Chapter on United States
Chapter on United States, in Supremacy of International Law vs. National Fundamental Principles, F.M. Palumbino, ed. Forthcoming
22 Pages Posted: 7 Aug 2017 Last revised: 19 Sep 2017
Date Written: August 1, 2017
This paper is a chapter from a forthcoming book on the Supremacy of International Law vs. National Fundamental Principles, edited by Fulvio Maria Palombino. The volume explores the tension between international and domestic law perspectives on conflicts between international and domestic law. From the perspective of international law, a state may not rely on provisions of its internal law as a justification for failing to comply with its international obligations. However, from the perspective of domestic law, domestic courts sometimes invoke “national fundamental values” as a justification to disregard the supremacy of international law. This chapter examines the tension between these two perspectives in the judicial practice of the United States. Three different types of “national fundamental values” are salient in this analysis. First the value of popular sovereignty is invoked to justify application of a federal statute, enacted by a democratically elected legislature, to override international law. Second, the value of state sovereignty — i.e., the sovereignty of sub-national governments in the U.S. federal system — is invoked to limit the power of the national government to implement international obligations in areas otherwise governed by state law. Third, a fundamental commitment to protection of individual rights is sometimes invoked to invalidate federal statutes designed to implement international obligations.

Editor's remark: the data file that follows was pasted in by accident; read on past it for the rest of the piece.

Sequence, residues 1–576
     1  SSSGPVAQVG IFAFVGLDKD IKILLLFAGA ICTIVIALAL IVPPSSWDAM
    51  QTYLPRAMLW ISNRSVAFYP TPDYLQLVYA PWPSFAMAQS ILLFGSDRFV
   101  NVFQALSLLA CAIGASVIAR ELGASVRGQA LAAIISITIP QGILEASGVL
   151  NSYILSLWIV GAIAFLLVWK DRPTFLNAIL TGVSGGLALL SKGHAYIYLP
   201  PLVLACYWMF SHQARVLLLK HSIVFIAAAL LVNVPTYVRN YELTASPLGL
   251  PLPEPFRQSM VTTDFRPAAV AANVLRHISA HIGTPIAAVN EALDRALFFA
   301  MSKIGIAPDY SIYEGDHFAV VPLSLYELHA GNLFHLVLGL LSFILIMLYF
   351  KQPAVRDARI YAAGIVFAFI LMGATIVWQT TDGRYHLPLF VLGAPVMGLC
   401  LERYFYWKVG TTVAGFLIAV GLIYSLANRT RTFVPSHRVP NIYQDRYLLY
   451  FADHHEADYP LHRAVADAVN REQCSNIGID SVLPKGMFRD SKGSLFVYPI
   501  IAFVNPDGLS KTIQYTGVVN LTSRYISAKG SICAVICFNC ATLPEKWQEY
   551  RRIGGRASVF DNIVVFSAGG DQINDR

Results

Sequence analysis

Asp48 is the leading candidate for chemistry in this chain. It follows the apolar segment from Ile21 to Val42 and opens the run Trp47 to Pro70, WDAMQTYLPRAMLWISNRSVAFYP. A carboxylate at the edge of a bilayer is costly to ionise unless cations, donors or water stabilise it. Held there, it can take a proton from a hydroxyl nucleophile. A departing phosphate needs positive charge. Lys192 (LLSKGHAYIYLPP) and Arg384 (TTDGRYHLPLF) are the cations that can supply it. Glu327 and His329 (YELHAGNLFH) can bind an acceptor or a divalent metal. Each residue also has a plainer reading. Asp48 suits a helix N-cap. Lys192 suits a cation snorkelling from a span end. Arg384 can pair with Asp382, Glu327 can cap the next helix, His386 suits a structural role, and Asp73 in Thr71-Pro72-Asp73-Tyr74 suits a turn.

The chapter is divided into four sections. The first section provides a brief overview of the U.S. constitutional system. The next three sections address conflicts: 1) between international law and federal constitutional law; 2) between international law and state law; and 3) between international law and federal statutes.
Keywords: international and domestic law, supremacy, fundamental values, popular sovereignty, state sovereignty, individual rights
JEL Classification: K10, K30, K33, K40
Suggested Citation: Suggested Citation